Hearing Loss Might Cost You Your Mobility

Hearing Loss Might Cost You Your Mobility

People with hearing loss are often tied in proximity on a daily basis without realizing it. Hearing loss restricts the amount of sound you are able to hear, which is why many people with hearing loss limit their physical boundaries with regards to the places they tend to travel to on a daily basis.

A Finnish study conducted by the Gerontology Research Center studied 848 participants aged between 75-90 years. They mapped the available “life space” of the participants, which referred to the radius that they are willing to travel on a daily basis. The study included both those with hearing loss as well as regular hearing.

The term “life space” was used to denote the places where the participants went each day, the number of times they went to those places, as well as the amount of assistance (if any) that they required.

The results found that those with hearing loss have a significantly lower radius of travel compared to those without a hearing problem. Those with hearing loss were found to attend places familiar to them and those which are nearer to their residence. In a way, people with hearing loss appear to become boxed into a certain zone.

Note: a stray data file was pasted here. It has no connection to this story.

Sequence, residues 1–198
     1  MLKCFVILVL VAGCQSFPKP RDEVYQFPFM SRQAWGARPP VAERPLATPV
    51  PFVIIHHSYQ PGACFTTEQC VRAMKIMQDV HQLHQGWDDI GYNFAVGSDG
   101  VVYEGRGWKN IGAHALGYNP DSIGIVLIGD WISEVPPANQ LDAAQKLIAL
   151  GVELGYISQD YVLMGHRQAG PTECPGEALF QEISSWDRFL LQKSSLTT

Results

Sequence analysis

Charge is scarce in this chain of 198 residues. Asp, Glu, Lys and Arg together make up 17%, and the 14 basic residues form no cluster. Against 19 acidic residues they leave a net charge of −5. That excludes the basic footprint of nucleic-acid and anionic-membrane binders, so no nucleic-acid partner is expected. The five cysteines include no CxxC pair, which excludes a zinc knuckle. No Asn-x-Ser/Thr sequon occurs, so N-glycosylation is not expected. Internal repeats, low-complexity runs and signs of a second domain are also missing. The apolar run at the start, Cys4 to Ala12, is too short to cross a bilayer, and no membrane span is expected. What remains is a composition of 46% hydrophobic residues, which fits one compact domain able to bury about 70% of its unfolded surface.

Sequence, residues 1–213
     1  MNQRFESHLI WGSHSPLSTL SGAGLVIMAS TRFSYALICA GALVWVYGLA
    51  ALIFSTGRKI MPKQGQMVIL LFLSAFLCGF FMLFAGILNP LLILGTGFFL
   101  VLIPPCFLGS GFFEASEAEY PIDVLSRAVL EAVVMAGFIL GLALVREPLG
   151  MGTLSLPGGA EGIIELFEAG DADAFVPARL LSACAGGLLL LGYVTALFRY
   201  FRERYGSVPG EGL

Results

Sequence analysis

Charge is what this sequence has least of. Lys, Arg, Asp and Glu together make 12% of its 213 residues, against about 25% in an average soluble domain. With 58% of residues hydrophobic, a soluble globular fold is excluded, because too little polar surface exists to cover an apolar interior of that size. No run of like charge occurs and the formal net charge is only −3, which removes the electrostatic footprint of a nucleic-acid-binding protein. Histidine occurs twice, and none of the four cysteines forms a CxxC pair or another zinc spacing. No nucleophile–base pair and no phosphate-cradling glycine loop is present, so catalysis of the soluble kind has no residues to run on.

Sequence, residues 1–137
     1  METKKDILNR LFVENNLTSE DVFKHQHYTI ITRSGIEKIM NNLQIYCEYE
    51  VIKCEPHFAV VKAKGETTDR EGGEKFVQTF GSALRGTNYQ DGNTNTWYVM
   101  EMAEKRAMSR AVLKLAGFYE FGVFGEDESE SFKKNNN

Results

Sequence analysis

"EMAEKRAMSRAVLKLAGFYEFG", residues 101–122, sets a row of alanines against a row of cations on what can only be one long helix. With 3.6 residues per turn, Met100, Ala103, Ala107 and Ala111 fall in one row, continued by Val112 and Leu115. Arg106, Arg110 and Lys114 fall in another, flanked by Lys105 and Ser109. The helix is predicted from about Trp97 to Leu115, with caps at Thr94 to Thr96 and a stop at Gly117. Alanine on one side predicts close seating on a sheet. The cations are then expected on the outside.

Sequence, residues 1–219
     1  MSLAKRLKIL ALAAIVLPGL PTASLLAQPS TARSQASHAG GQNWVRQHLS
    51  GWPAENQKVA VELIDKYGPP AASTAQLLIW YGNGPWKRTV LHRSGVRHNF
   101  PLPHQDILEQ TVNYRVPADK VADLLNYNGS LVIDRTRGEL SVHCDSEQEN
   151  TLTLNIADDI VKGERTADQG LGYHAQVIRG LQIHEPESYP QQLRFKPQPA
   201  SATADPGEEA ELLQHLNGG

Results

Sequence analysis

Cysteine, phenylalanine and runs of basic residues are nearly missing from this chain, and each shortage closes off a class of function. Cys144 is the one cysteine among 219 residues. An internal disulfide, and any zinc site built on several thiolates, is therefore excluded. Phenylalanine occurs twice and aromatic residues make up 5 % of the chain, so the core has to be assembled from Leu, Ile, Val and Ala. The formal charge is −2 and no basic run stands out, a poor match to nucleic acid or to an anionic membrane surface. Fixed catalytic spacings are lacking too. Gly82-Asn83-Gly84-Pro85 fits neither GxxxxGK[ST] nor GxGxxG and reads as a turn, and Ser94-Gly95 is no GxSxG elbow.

Limiting your “life space” can actually deteriorate the quality of your life. A sense of dependence and helplessness accompany those that are afraid to travel out of their comfort zone out of fear of their hearing loss. This can negatively impact the quality of life of these people who limit their “life space” to only a few locations since it results in social isolation and withdrawal. Over time, this type of limitation can cause depression and anxiety.

Hearing loss is a frustrating and lonely experience. People with hearing loss slowly withdraw from social engagements as they feel increasingly left out of the conversations that are taking place. They become unable to enjoy the activities that they used to love, such as concerts or sporting events. The worst part is that the fear of social stigma stops those with hearing loss from sharing their problems and concerns with anyone else, which only adds to their sense of isolation.

Loss of hearing does not need to limit you from living your life to the fullest. Getting hearing aids can help you take back control of your life and regain independence to step outside of your limited “life space.” If you or a loved one has a hearing problem, talk to your audiologist about getting hearing aids. Loss of mobility does not need to be a part of losing your hearing.

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